It’s the simplest solution, and it works so well, even if you use a one-stop-shop CMS.
Make a new alias just for handling emails related to the blog, and use it on your site. I recommend routing those emails to a folder in your inbox, in case you get an angry mob or something. Mine goes to “Comments”.
This can act as both your contact form and comments solution, and I really prefer it over commenting systems and forms. You can even add a pre-filled subject line and email body.
There’s 0 spam (thanks CloudFlare) and 0 moderating. If you do need to moderate, just block the sender, right from your inbox. And I love the one-on-one penpal feeling, in a time when casual emails are a rarity.
For your contact page, spell out the full email address instead of hiding it behind a button — sometimes the user can’t use their default mail client.
For your posts, I wrote more about adding a “reply via email” button here for 11ty. On this Hugo site, I use Bryce Wray’s code, and Kev Quirk has a guide for WordPress (had to mention it even though I’m talking about SSGs).
My solution #2: HTML forms and third-party handler #
Sometimes there’s no way around it, and you absolutely need a form for your static site. The best way to handle that is to write an HTML form, and then use a third-party service that you can just drop in the
I’m still looking for a solution to self-host, maybe using functions on Netlify/Vercel or CloudFlare Workers, but in the meantime, I broke my own rule and use Formcake for a few sites. Netlify Forms is fine too.
I’m okay with using a third-party form handler for HTML forms. If it goes down, I can just update the
action attribute to point to a different URL.
Forms are so prone to spam though, even with reCAPTCHA and CloudFlare’s challenge turned on just for the page with the form. Also, did you know reCAPTCHA breaks HTML form validation? Now you know.
I do miss Akismet on WordPress. Caught 99% of spam submissions for me.
Mobile and away-from-home publishing #
Not having a CMS is a big disadvantage here. WordPress has a fantastic mobile app, and there are tons of other apps that also post to WordPress or Ghost, including desktop apps like Ulysses and iA Writer. It’s a really solid experience, and there’s nothing like that for static sites.
I usually don’t publish on mobile unless I absolutely have to, but I do edit posts I’m working on from time to time.
My solution for mobile: Working Copy #
I use an iPhone, and Working Copy is the best git client I’ve found. The Markdown editor isn’t bad either. You’ll have to manually copy over your new post template though, and if your repo size is large, it could take a while to clone for the first time over a data connection. And you’re back to painfully inserting images by adding them to the folder and then typing out the image names in Markdown.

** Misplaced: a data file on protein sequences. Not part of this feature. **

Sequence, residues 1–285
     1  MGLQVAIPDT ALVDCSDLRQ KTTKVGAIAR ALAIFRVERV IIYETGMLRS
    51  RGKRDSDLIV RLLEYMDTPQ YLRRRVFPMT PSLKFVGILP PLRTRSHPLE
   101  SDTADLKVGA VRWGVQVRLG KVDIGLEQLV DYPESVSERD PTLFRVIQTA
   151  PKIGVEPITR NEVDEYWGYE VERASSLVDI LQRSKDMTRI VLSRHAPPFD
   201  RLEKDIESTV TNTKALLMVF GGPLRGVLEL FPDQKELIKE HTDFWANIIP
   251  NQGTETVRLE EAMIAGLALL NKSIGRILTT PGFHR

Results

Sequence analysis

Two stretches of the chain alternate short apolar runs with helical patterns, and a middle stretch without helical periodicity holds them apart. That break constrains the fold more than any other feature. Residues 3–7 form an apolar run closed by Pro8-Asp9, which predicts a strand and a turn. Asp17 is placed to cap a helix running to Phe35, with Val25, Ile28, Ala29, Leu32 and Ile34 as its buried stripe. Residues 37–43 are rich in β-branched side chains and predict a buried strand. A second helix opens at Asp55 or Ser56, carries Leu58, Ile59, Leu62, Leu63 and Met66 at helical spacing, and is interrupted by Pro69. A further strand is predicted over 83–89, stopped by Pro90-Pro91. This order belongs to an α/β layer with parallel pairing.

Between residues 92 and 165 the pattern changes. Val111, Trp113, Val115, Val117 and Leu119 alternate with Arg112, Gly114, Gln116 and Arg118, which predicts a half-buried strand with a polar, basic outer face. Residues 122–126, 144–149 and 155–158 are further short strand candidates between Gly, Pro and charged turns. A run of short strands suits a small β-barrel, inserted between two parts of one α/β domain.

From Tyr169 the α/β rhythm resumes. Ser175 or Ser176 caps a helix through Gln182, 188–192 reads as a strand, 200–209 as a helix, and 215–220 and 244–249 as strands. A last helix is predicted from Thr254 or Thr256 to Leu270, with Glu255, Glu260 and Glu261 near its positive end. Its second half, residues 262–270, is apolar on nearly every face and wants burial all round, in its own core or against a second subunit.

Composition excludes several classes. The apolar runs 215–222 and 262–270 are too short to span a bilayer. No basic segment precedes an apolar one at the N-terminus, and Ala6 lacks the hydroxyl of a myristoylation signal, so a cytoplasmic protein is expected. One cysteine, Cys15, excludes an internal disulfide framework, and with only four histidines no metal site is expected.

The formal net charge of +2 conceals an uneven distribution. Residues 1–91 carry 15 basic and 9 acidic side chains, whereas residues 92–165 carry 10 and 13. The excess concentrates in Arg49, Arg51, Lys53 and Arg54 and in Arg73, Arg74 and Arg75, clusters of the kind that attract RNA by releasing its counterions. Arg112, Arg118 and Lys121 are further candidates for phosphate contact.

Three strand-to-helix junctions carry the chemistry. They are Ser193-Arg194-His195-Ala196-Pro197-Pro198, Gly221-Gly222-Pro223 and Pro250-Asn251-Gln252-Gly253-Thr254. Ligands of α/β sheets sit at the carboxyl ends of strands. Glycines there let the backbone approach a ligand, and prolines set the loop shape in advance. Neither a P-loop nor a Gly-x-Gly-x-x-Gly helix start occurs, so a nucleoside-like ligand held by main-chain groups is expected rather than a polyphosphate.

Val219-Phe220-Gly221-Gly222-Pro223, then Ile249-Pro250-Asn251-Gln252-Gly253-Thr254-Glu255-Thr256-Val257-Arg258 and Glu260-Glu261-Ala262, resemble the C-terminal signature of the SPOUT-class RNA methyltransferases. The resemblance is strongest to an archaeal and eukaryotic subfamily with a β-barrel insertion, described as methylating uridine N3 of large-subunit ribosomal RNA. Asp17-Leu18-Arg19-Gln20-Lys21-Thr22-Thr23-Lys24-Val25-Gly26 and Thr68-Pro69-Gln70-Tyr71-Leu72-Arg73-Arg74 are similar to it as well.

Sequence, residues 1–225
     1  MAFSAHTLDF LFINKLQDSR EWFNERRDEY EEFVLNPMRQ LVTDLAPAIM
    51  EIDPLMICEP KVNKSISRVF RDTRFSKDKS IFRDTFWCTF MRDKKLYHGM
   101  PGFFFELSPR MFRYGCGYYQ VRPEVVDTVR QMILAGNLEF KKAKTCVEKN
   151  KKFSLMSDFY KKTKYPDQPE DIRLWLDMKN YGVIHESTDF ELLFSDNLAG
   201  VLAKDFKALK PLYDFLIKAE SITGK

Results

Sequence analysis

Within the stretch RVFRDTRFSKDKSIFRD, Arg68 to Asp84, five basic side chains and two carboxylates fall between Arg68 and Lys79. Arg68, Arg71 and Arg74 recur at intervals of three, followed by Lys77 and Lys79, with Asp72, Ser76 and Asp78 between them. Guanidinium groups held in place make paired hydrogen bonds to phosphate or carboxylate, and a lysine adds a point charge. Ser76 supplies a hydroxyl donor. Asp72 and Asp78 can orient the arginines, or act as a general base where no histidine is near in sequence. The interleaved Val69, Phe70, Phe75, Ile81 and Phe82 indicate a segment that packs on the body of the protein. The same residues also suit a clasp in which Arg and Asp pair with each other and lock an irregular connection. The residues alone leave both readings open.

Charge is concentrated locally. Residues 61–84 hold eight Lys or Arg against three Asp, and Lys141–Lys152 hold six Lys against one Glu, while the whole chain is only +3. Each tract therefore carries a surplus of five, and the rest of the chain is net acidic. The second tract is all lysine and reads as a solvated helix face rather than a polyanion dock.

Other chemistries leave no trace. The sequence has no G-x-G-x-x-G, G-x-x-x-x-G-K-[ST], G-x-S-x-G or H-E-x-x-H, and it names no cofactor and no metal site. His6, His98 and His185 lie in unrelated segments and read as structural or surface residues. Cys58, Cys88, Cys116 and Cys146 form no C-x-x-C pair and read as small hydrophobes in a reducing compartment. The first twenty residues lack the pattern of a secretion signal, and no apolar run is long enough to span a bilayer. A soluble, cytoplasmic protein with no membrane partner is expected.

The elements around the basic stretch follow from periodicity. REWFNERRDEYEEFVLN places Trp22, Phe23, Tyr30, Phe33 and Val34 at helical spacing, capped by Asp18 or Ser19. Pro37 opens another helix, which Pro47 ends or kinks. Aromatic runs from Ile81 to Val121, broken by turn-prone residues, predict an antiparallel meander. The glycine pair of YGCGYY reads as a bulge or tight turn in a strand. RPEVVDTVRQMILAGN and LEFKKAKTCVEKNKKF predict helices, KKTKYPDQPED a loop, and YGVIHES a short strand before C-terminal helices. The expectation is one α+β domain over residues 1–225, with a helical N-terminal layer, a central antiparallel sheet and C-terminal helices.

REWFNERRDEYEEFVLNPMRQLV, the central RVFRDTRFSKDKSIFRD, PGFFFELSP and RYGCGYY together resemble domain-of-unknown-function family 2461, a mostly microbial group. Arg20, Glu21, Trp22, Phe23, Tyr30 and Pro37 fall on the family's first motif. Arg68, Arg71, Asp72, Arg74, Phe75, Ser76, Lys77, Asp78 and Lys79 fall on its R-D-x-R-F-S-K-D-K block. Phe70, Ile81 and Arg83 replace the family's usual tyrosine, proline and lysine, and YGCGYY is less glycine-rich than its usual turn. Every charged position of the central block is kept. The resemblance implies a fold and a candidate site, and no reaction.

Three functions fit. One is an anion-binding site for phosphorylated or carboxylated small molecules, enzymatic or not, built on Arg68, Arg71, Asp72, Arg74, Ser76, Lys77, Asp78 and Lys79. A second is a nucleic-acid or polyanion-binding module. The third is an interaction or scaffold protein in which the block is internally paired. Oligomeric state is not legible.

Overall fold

My solution for desktop: GitHub Codespaces #
If your repo is on GitHub, you can use GitHub Codespaces, which is VS Code in your browser. Just navigate to your repo and hit . (period) on your keyboard, and it will fire right up.
If you prefer Vim and have your own git server, you can ssh into your server and use Vim there, though if you have your own git server you probably do that already.
Complicated publishing #
This is supposed to be the simplest part, right? Deploy your site to a host that automatically runs your build command and hosts your static files, and you’re done. However, I found myself adding unnecessary steps to my workflow.
I used to use two separate branches in Git: one for writing and testing,
dev, and one for production deployment,
This is what my publishing workflow looked like:
- Checkout branch
- Start up live reload dev environment (
hugo server -DF)
- Write the post and probably tweak the design along the way
- Commit, usually multiple times
- Push to origin
- Wait for my site to build on CloudFlare Pages (2-5 minutes)
- Check the preview URL to make sure things looked right
- Push to origin
- Wait for build
- Check production site to make sure things looked right
This is a workflow for a large enterprise or software project, not a personal blog.
My solution: Write and deploy on main #
To simplify my publishing process, I write on
main and design on
My repo is set up on both CloudFlare Pages (primary) and Vercel (backup), and Vercel sends me helpful emails on whether my build succeeded or failed (should set this up for CFP too), so I rarely check the published article now.
And if a build fails, it doesn’t take my site down, it just stays at the previous successful commit. But most of my previous build errors were from messing with the design, and I haven’t seen a build error with my current method.
It does help to use a Markdown editor with live preview and spellcheck.
This is what my new publishing workflow looks like:
- Checkout branch
- Write the post
- Push to origin
Much less complicated.
And if you’re worried about spelling or formatting mistakes, don’t — it’s a personal blog post, not a press release. Mistakes make it seem more authentic, or so I tell myself.
Reduce your barriers to writing #
This is a long article to say just this, but it can’t be overstated. This concept can be applied to any form of creation, not just writing.
The more complexity you face while creating new content, the less you’ll want to create.
If using a one-stop-shop CMS helps you write and publish more often, don’t waste time using a static site generator. Likewise, if your CMS is complicated, slow, or if you have unstable Internet, an SSG might be better suited.